Hostname: page-component-77c89778f8-rkxrd Total loading time: 0 Render date: 2024-07-23T01:40:23.510Z Has data issue: false hasContentIssue false

Identifying Emma Dunham Kelley: Rethinking Race and Authorship

Published online by Cambridge University Press:  23 October 2020


Though she has long been considered a pioneer of black women's writing, there is no evidence to suggest that Emma Dunham Kelley-Hawkins, author of Megda and Four Girls at Cottage City, was African American. This author considered herself racially white, as did every recorded member of her family before her. Instead of simply asserting her whiteness to correct the “mistake” of her racial categorization in the scholarly reception of her novels, this essay explores the uses of authorial racial identity in critical practice. Reading the obsessive concern with skin color in Four Girls at Cottage City demands not only further consideration of Kelley's work alongside African American literature but also attention to issues of white racialization at the turn of the century. However we identify Kelley, the critical history and continued interpretation of her work provide a rare opportunity to observe the consequences of destabilizing an author's identity or, more precisely, recognizing identity as unstable.

Research Article
Copyright © 2007 by The Modern Language Association of America

Access options

Get access to the full version of this content by using one of the access options below. (Log in options will check for institutional or personal access. Content may require purchase if you do not have access.)


Works Cited

Alden, Isabella Macdonald. Four Girls at Chautauqua. 1876. Whitefish: Kessinger, 2004.Google Scholar
Appiah, Anthony. The Ethics of Identity. Princeton: Princeton UP, 2005.CrossRefGoogle Scholar
Appiah, Anthony. “The Uncompleted Argument: DuBois and the Illusion of Race.” “Race,” Writing, and Difference. Chicago: U of Chicago P, 1986. 2137.Google Scholar
Bauer, Dale M.Master Thoughts.” White Scholars / African American Texts. Ed. Long, Lisa A. New Brunswick: Rutgers UP, 2005. 186–97.Google Scholar
Chirokas, Chris. Letter to the author. 3 Apr. 2005.Google Scholar
Christian, Barbara. Introduction. The Hazeley Family. By A. E. Johnson. Schomburg Lib. of Nineteenth-Century Black Women Writers. New York: Oxford UP, 1988.xxvii–xxxvii.Google Scholar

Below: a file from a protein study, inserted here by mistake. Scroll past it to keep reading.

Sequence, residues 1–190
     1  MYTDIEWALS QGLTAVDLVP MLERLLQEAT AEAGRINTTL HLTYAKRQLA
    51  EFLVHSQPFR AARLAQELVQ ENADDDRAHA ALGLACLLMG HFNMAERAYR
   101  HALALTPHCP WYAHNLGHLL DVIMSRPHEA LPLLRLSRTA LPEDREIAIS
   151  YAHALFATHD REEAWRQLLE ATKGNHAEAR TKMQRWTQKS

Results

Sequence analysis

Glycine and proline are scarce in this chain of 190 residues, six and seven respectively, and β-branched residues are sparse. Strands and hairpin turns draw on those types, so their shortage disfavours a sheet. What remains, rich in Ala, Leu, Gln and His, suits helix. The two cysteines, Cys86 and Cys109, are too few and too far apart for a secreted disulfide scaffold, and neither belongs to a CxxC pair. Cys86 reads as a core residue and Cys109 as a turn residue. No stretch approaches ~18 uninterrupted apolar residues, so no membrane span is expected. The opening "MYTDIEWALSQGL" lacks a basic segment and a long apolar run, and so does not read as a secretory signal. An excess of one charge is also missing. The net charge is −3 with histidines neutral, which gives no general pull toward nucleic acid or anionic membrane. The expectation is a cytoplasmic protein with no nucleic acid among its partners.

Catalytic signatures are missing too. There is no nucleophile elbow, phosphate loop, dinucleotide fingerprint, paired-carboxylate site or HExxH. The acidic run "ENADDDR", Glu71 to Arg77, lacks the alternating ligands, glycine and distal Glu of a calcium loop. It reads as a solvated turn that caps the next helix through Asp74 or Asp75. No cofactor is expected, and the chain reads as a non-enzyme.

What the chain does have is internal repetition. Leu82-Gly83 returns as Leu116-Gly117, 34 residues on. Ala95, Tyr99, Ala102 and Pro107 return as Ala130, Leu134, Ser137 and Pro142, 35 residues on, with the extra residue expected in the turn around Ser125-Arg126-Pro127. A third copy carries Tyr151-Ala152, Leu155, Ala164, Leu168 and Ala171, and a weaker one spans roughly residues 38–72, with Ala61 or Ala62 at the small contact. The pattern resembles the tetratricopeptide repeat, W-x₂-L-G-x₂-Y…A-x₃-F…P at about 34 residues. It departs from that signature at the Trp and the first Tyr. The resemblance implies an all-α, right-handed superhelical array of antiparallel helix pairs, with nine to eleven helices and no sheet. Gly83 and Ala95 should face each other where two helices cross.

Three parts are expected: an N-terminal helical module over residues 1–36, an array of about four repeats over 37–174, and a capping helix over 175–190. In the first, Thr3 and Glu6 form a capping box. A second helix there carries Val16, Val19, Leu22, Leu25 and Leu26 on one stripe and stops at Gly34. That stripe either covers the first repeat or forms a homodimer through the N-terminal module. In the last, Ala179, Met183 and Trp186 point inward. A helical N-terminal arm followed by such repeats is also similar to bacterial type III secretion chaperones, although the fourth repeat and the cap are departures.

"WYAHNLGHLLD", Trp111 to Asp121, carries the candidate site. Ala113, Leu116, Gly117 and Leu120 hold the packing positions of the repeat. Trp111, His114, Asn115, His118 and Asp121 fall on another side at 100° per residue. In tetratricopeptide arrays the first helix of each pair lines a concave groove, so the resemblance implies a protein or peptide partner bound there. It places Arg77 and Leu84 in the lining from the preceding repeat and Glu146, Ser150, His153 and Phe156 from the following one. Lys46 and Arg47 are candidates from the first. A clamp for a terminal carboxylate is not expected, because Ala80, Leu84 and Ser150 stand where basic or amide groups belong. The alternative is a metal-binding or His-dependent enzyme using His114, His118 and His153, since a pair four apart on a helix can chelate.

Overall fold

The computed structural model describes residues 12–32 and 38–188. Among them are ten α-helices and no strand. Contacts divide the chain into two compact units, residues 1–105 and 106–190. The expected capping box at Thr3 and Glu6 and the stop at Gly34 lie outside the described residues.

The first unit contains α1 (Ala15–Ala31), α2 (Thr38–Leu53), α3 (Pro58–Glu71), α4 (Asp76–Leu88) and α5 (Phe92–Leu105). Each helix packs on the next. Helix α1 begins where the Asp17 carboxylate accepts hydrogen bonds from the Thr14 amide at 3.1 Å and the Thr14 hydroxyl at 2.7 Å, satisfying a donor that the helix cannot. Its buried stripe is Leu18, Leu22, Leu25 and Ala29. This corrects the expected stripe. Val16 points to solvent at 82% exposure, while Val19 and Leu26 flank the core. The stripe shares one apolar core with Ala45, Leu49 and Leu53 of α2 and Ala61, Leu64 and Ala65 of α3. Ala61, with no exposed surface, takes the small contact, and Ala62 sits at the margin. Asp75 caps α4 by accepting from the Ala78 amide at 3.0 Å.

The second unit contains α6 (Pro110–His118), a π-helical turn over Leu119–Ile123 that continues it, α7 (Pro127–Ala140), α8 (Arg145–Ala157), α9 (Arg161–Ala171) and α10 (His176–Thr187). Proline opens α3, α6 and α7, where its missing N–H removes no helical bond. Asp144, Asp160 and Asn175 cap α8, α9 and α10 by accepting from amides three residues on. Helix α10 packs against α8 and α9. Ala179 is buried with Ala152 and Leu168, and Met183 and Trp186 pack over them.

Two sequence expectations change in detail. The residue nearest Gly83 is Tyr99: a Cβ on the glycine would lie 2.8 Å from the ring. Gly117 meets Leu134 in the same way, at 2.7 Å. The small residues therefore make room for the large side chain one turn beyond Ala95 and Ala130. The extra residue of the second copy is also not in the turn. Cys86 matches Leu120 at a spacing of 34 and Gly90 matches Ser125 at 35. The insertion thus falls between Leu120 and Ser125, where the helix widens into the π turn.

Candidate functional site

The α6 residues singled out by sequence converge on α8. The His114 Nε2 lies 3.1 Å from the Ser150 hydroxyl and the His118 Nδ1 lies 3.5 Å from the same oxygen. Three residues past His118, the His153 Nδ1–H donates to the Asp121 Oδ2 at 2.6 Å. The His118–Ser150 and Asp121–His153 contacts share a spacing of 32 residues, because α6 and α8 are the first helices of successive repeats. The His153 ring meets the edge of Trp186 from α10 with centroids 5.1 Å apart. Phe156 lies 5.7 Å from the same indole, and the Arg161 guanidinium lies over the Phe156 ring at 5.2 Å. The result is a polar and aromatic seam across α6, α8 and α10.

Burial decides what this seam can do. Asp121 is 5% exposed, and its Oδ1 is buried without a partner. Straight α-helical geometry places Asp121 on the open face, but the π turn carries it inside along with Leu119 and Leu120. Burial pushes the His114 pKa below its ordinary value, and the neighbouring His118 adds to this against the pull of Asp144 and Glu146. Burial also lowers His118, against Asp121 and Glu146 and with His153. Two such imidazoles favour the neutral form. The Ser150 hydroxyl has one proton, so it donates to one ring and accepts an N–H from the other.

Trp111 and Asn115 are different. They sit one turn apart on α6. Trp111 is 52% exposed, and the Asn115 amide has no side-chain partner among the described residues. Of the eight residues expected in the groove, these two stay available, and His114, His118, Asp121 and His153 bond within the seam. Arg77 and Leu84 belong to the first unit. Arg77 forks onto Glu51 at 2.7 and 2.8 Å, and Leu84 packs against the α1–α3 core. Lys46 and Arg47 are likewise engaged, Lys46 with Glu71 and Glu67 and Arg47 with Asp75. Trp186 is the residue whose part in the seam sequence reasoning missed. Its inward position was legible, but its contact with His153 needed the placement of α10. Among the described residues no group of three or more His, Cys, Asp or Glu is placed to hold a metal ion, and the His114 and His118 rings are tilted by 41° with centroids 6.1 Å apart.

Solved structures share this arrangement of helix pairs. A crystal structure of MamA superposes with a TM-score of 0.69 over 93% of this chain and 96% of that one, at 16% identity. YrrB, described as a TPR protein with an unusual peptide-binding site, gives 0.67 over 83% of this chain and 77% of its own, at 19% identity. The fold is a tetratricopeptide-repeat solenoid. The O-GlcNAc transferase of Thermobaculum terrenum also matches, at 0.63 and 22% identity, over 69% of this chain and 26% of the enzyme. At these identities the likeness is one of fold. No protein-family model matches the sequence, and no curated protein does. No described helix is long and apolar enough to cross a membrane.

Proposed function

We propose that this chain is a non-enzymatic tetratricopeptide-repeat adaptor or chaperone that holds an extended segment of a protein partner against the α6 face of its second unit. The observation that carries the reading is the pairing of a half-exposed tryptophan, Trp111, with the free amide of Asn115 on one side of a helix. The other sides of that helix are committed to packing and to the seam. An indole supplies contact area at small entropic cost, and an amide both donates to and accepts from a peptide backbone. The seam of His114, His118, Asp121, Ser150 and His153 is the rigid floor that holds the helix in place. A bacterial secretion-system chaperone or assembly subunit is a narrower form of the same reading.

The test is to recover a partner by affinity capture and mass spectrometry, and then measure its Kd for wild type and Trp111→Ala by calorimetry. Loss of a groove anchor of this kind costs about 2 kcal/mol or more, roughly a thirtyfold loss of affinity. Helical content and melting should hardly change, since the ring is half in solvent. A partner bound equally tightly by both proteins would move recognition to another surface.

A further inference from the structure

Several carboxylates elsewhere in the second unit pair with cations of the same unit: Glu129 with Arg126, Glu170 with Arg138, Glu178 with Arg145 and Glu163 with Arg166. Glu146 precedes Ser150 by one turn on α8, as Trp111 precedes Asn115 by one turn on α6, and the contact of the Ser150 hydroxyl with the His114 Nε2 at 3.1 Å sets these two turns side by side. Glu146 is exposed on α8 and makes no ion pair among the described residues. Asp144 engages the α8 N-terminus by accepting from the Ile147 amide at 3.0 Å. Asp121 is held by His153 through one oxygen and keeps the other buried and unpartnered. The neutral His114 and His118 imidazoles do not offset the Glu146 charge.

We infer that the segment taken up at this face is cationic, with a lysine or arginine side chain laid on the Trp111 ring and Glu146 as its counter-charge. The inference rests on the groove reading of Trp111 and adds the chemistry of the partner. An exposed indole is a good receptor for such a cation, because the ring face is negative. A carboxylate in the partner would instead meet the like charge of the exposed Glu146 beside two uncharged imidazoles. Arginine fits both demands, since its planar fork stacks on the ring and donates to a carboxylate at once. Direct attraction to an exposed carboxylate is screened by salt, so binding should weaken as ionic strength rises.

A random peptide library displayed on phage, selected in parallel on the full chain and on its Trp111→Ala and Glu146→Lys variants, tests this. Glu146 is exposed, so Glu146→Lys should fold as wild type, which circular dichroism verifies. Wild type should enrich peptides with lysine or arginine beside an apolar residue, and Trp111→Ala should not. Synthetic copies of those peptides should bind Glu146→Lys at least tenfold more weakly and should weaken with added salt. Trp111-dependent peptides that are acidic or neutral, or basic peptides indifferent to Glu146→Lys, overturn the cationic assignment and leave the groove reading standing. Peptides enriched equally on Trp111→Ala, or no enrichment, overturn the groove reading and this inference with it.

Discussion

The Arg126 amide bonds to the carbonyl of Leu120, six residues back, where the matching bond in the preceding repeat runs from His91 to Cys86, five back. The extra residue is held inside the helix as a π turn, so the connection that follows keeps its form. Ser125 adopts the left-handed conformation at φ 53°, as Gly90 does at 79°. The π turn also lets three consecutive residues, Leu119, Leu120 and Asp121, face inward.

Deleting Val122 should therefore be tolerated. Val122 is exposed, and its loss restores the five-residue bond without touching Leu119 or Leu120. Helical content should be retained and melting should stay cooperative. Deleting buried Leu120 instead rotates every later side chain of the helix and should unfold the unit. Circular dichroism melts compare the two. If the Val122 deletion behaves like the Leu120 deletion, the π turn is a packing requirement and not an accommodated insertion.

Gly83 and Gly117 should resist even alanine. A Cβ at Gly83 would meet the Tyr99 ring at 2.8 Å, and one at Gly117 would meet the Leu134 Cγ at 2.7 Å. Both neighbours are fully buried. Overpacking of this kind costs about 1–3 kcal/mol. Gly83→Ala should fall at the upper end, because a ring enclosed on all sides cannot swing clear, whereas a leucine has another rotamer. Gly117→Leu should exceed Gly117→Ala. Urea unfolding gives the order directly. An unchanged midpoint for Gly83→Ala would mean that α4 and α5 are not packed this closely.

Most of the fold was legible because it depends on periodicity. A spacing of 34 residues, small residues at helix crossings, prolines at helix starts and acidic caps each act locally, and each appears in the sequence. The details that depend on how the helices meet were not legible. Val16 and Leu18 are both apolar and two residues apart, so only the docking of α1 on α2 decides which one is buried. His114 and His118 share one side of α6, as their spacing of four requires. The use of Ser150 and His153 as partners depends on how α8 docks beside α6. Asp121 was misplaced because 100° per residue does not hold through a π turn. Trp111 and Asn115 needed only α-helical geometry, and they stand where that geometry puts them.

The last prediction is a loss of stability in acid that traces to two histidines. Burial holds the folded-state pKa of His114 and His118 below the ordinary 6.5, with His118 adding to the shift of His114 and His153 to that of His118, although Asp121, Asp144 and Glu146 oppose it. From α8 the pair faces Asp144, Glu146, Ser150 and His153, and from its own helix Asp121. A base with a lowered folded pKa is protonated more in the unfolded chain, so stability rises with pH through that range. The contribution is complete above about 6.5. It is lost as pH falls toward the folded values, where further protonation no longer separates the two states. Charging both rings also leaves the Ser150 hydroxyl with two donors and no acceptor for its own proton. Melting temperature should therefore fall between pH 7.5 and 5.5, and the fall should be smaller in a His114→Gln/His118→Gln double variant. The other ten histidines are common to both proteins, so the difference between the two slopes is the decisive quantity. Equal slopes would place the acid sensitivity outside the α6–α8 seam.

Cromwell, Adelaide M. The Other Brahmins: Boston's Black Upper Class, 1750–1950. Fayetteville: U of Arkansas P, 1994.Google Scholar
duCille, Ann. The Coupling Convention: Sex, Text, and Tradition in Black Women's Fiction. New York: Oxford UP, 1993.Google Scholar
Eversley, Shelly. The Real Negro: The Question of Authenticity in Twentieth-Century African American Literature. Literary Criticism and Cultural Theory. New York: Routledge, 2004.CrossRefGoogle Scholar
Flynn, Katherine E.A Case of Mistaken Racial Identity: Finding Emma Dunham (née Kelley) Hawkins.” National Genealogical Society Quarterly 94 (2006): 522.Google Scholar
Foucault, Michel. “What Is an Author?The Foucault Reader. Ed. Rabinow, Paul. New York: Pantheon, 1984. 101–20.Google Scholar
Gates, Henry Louis Jr.Foreword: In Her Own Write.” Kelley, Four Girls vii–xxii.Google Scholar
Guillory, John. Cultural Capital: The Problem of Literary Canon Formation. Chicago: U of Chicago P, 1993.CrossRefGoogle Scholar
Henning-Dyson, Erika. Letter to the author. 29 Mar. 2005.Google Scholar
Henning-Dyson, , Erika. Letter to the author. 16 Apr. 2005.Google Scholar
Hite, Molly. Introduction. Kelley, Megda xxvii–xxxvii.Google Scholar
Ignatiev, Noel. How the Irish Became White. New York: Routledge, 1995.Google Scholar
Jackson, Holly. “Mistaken Identity.” Boston Globe 20 Feb. 2005: D1+.Google Scholar
Jacobson, Matthew Frye. Whiteness of a Different Color: European Immigrants and the Alchemy of Race. Cambridge: Harvard UP, 1998.Google Scholar
Kelley, Emma Dunham. Four Girls at Cottage City. Schomburg Lib. of Nineteenth-Century Black Women Writers. New York: Oxford UP, 1988.Google Scholar
Kelley, Emma Dunham. Megda. Schomburg Lib. of Nineteenth-Century Black Women Writers. New York: Oxford UP, 1988.Google Scholar
Logan, Rayford W. The Negro in American Life and Thought: The Nadir, 1877–1901. New York: Collier, 1965.Google Scholar
Mason, Theodore O. Jr.The African-American Anthology: Mapping the Territory, Taking the National Census, Building the Museum.” American Literary History 10.1 (1998): 185–98.Google Scholar
Matthews, Victoria Earle. “The Value of Race Literature.” 1895. Massachusetts Review 27.2 (1986): 169–91.Google Scholar
McDowell, Deborah E. “The Changing Same”: Black Women's Literature, Criticism, and Theory. Bloomington: Indiana UP, 1995.Google Scholar
McDowell, Deborah E. Introduction. Kelley, Four Girls xxvii–xxxviii.Google Scholar
Mehegan, David. “Correcting a Case of Mistaken Identity.” Boston Globe 5 Mar. 2005: C1+.Google Scholar
“Nigger heaven.” Def. 6c. The Oxford English Dictionary. 2nd ed. 1989.Google Scholar
Peterson, Carla L.New Negro Modernity: Worldliness and Interiority in the Novels of Emma Dunham Kelley-Hawkins.” Women's Experience of Modernity, 1875–1945. Ed. Peterson, , Ardis, Ann L., and Lewis, Leslie W. Baltimore: Johns Hopkins UP, 2003. 111–29.Google Scholar
Roediger, David R. The Wages of Whiteness: Race and the Making of the American Working Class. New York: Verso, 1991.Google Scholar
Smith, Shawn Michelle. American Archives: Gender, Race, and Class in Visual Culture. Princeton: Princeton UP, 1999.Google Scholar
Tate, Claudia. Domestic Allegories of Political Desire: The Black Heroine's Text at the Turn of the Century. New York: Oxford UP, 1992.Google Scholar
Tate, Claudia. Psychoanalysis and Black Novels: Desire and the Protocols of Race. New York: Oxford UP, 1998.Google Scholar
Whiteman, Maxwell. A Century of Fiction by American Negroes, 1853–1952: A Descriptive Bibliography. Philadelphia: Saifer, 1955.Google Scholar